This article was written by Roy Fuchs, a member of the Westport Sunrise Rotary Club.
WESTPORT, Conn.— State Rep. Jonathan Steinberg began his freshman term in January with "high ideals," he told members of Westport's Sunrise Rotary on Friday. But the Westport Democrat quickly learned that in Hartford, unlike Westport, whose Representative Town Meeting is defined by collegiality, "those in power have lots of it and use it for their own purposes."
As one of 33 freshmen in a House with 151 members, Steinberg, who represents the 136th District, had "a real sense of being a part of a cohort." He began his term by offering a bill to control pesticides and another to require hospitals to use checklists to reduce potentially fatal errors.
As he watched other freshman select more modest issues, he learned that big, broad bills, no matter how well-intended, don't get passed–at least not by freshmen.
He won a sought-after seat on the Energy and Technology Committee and joined in writing a bill intended to reduce energy consumption in public and private commercial buildings across the state. That daunting task was gradually carved down to 12 state buildings in Hartford.
The bill requires these buildings to reduce energy consumption by 10 percent by 2013. This will begin to rein in Connecticut's high energy costs and reduce our carbon footprint. It will, Steinberg said, "finally put Connecticut on the brink of going from an energy problem state to an energy opportunity state."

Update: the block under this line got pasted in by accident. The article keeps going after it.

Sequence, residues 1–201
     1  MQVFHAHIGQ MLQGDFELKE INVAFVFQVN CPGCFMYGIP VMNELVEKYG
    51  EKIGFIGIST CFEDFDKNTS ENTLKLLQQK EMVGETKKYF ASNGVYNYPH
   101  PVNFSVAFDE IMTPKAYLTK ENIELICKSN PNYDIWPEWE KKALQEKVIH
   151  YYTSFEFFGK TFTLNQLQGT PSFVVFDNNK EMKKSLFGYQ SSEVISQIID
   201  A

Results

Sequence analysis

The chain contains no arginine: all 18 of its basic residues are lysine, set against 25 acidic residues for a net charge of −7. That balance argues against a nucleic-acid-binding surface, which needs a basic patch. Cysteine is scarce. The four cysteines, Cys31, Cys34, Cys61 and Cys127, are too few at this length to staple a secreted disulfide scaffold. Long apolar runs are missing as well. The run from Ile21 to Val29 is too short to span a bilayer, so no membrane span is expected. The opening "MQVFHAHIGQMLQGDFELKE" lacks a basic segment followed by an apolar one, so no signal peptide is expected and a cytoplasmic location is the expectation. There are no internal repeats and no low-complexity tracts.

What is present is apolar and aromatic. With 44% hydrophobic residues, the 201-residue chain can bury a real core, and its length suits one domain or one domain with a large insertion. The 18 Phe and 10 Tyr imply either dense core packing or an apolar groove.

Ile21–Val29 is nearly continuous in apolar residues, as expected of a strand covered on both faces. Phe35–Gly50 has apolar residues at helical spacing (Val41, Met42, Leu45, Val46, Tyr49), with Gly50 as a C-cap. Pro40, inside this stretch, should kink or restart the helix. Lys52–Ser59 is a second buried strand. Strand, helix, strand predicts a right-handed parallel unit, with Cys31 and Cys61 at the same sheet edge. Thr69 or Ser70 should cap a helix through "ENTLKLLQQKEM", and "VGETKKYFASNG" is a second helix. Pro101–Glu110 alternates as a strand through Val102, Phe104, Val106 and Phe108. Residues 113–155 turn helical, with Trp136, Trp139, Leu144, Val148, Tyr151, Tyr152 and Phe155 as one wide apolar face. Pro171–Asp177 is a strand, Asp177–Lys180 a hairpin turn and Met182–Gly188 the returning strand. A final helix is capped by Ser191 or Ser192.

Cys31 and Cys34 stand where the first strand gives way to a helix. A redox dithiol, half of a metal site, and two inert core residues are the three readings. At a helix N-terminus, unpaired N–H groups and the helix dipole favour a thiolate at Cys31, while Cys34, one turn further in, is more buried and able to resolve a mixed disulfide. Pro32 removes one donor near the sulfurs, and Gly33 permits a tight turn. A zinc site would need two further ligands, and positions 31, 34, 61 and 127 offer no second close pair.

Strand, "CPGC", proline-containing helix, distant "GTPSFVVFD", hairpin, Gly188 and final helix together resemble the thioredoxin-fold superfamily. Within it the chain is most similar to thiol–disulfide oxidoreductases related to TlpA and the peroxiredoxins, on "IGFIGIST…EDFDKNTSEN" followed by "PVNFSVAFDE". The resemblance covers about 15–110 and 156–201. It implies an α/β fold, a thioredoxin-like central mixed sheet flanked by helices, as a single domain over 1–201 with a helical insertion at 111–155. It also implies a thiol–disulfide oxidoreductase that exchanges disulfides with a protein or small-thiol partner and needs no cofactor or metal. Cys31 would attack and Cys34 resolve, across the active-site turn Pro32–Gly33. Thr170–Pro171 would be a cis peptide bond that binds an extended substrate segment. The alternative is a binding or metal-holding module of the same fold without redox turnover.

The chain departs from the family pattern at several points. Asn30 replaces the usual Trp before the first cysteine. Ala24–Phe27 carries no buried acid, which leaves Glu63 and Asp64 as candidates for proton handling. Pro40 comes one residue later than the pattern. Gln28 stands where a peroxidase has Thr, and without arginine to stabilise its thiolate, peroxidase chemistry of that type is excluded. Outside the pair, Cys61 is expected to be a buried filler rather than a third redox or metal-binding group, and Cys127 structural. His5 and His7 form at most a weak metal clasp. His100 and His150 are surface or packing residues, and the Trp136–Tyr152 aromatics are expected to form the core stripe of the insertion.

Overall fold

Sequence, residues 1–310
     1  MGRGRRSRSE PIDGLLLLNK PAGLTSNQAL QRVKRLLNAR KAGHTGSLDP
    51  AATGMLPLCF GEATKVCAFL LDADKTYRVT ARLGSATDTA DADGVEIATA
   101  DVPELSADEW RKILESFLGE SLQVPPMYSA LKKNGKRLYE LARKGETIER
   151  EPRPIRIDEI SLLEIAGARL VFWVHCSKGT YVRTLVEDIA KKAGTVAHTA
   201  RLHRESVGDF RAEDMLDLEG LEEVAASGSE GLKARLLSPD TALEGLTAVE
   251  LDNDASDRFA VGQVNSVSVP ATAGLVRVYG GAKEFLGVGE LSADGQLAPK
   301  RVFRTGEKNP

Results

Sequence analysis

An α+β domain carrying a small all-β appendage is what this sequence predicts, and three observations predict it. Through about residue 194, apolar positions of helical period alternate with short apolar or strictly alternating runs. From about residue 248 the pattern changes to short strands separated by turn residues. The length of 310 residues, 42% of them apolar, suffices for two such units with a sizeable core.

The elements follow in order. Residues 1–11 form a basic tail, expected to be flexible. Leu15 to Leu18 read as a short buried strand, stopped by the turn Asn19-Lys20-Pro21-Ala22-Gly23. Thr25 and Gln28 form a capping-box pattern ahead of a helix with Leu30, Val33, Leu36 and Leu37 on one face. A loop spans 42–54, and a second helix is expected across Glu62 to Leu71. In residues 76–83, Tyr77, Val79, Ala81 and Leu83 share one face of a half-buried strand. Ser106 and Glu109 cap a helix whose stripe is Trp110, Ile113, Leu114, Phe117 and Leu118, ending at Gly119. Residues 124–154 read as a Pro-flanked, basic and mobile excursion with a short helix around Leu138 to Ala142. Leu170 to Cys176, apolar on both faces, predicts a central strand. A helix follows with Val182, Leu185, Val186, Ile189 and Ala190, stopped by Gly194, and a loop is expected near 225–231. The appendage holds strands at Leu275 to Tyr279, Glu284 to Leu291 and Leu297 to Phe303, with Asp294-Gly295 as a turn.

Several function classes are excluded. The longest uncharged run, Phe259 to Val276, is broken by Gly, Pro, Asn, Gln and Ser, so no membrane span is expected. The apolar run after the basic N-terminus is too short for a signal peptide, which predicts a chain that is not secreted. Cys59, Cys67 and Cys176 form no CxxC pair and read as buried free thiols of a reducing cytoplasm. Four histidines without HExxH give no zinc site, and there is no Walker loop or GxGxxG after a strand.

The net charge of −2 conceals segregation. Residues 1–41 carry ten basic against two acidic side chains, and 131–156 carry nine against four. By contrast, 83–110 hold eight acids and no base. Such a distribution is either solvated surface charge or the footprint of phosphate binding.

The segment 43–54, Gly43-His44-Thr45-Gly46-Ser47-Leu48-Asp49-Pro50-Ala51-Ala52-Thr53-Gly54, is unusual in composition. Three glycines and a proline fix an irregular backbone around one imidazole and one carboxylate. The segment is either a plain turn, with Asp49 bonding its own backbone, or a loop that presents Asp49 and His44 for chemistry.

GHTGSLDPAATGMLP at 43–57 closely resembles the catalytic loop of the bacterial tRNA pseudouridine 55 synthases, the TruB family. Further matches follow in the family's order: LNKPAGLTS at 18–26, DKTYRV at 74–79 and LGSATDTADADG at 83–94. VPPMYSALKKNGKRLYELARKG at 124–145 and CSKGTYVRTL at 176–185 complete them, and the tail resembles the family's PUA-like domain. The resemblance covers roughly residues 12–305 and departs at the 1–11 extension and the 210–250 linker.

He also told the club that he joined a moderate caucus–a socially liberal and fiscally moderate group (given the tenor of the times) that did not support the governor's budget bill. He commended the governor for creating a balanced budget in six weeks, but was troubled because it funded $1.6 billion of the state's deficit with a "promissory note."
Now that the unions have bought in, Steinberg said "we can move ahead."
Steinberg brings a strong financial analytical background to his new job. He now seeks to join the legislature's Results Based Accountability group. The RBA group's objective is to take government off cruise control by continually assessing the cost-benefit of every state-funded program and department. In the most macro sense, the question is: Are taxpayers getting their money's worth? Are the programs effective and efficient?
Joining this group, he said, helped him "get his mojo back."
He called his experience in Hartford "an incredibly steep learning curve." He called the legislature "a culture shock," and added that while relationships are invaluable, legislating is a partisan process in which Democrats and Republicans rarely collaborate.
Looking ahead, he believes we need a full-time legislature to effectively address the lengthening list of issues–with jobs at the top–to offset lobbyists who work full-time in Hartford and to reform government, not react to legislation at the last minute.